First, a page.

British Government Plans to Slash Tariffs on U.S. Goods

LONDON, ENGLAND - JUNE 05: Chief Secretary to the Treasury Elizabeth Truss arrives for a Cabinet meeting chaired by British Prime Minister Theresa May at 10 Downing Street on June 5, 2018 in London, England. (Photo by Jack Taylor/Getty Images)
Jack Taylor/Getty

Consumers are set to benefit from the government’s plan to slash tariffs on goods from the United States and other countries after the UK comes out of the transition period in December 2020.

Under the transition period, the UK is still bound by the European Union’s Common External Tariff rules. The Conservative government announced on Thursday that it had launched a consultation on the UK Global Tariff, which will replace it on January 1st, 2021.

Boris Johnson’s government is considering removing tariffs on goods that are not currently manufactured in the UK or where there is limited domestic production, lowering the cost for consumers. Other options for review includes lifting tariffs on key inputs for production by British manufacturers and simplifying other tariffs.

Another initiative is the Most Favoured Nation tariff system which would encourage trade with countries where there is no current arrangement, according to details reported by The Telegraph.

“This is the first time in almost 50 years that the UK will be able to set its tariff rates on imported goods. This consultation represents an opportunity for every business, every person and every civil society group, in every part of the UK, to have their say.

“We are calling on businesses, consumers and other groups to help us shape this new instrument of trade policy for the UK,” Secretary of State for International Trade Liz Truss said in a written trade policy update.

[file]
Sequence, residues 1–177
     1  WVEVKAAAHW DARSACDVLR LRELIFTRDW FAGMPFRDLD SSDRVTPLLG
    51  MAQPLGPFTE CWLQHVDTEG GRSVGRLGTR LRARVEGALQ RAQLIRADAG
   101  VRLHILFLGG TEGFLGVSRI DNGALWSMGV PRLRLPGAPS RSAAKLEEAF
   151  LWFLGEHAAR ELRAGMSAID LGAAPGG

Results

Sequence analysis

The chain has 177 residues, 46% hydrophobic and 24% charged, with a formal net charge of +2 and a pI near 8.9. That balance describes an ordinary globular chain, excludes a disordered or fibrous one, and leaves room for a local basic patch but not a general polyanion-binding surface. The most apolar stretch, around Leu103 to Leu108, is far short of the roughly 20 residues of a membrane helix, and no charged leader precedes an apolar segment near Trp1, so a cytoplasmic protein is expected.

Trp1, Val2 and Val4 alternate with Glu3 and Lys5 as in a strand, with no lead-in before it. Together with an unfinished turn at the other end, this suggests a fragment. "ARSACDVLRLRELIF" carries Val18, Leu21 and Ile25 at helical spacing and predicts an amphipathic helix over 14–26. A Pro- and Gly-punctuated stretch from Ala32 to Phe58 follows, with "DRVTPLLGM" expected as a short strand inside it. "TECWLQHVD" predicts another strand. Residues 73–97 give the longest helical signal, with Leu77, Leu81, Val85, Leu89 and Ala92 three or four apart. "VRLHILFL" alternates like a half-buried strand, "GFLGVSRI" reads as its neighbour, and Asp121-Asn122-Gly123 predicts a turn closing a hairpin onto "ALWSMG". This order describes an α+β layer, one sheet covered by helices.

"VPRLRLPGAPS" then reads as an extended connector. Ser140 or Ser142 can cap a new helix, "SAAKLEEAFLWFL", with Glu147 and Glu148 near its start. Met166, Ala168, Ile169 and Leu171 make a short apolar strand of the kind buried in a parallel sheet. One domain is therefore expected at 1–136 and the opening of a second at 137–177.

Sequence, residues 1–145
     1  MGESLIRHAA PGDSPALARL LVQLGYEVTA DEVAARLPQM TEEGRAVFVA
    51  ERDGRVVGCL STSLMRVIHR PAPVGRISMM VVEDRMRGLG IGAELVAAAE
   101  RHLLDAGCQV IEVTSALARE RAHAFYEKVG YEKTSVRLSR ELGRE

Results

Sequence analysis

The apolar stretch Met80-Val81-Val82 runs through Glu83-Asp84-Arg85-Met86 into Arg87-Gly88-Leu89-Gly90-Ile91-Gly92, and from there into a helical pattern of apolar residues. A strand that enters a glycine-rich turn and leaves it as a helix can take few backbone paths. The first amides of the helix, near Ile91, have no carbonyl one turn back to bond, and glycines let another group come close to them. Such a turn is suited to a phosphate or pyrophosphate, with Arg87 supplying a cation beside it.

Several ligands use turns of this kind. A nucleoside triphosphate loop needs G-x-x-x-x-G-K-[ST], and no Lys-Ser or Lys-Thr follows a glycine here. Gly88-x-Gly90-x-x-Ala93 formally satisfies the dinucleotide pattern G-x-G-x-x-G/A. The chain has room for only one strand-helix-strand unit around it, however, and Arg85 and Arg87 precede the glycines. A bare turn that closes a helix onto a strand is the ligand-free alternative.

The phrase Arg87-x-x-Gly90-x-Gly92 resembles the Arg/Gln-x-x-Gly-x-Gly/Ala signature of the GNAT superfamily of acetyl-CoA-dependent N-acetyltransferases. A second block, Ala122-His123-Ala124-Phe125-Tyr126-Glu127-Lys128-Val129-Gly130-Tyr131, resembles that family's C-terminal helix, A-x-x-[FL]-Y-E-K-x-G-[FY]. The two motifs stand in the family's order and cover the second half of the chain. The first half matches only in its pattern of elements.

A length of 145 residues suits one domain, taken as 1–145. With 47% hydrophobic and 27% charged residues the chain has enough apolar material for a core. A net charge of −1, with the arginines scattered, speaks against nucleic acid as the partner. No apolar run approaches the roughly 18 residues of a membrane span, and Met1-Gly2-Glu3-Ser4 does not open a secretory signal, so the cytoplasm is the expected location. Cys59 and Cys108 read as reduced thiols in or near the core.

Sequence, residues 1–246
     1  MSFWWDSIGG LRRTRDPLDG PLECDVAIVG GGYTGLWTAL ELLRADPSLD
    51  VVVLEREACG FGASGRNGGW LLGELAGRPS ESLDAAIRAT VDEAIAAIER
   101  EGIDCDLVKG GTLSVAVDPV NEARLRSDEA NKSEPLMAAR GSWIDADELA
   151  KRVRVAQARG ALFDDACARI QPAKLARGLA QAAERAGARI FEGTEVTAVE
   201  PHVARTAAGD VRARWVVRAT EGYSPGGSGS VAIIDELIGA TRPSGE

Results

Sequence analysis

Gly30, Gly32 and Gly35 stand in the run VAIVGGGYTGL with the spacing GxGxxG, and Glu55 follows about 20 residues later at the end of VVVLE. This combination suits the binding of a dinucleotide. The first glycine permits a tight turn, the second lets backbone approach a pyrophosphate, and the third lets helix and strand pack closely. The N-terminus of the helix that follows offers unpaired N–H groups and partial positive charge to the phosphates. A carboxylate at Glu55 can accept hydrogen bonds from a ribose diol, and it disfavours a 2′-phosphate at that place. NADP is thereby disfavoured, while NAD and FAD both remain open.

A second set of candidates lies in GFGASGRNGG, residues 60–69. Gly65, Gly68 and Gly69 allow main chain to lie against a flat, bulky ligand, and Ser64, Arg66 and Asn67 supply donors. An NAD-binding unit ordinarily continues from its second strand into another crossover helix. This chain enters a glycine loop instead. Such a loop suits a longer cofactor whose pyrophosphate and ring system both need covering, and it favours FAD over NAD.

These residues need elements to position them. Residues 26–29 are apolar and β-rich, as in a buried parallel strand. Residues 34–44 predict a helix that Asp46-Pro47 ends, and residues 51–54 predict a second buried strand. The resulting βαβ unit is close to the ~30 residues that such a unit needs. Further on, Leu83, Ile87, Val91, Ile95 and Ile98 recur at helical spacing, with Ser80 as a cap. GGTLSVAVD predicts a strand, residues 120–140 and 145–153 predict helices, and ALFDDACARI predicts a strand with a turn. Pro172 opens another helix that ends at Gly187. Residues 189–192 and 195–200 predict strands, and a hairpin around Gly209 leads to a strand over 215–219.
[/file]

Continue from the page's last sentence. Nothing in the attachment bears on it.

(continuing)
But ministers have said they also want to protect British companies by stopping the unfair practice of “dumping” — flooding the UK market with cheap, foreign goods — which puts British industries at risk. The Department for International Trade is set to look at measures that will penalise dumping by countries like China.

In a statement to the House of Commons, Ms Truss said that in future negotiations, “we will drive a hard bargain and, as with all negotiations, we will be prepared to walk away if that is in the national interest.

“A key priority is to deepen trade and investment relationships with like-minded partners, starting with the USA, Japan, Australia, and New Zealand.”

The international trade secretary added that an agreement with the United States would “lower prices for UK consumers”.

The UK is making headway with international trade plans post-Brexit, even before negotiations have begun with the EU. On Thursday, foreign secretary Dominic Raab began a four-day trip to Australia, Japan, Malaysia, and Singapour to discuss future trade deals.

European leaders and Eurocrats have already threatened that a deal will not be agreed unless the UK agrees to continue a commitment to restrictive regulations. On Monday, Boris Johnson said that the UK will not accept Brussels’ rules in exchange for a trade deal, signalling the UK will trade with the bloc on World Trade Organization (WTO).


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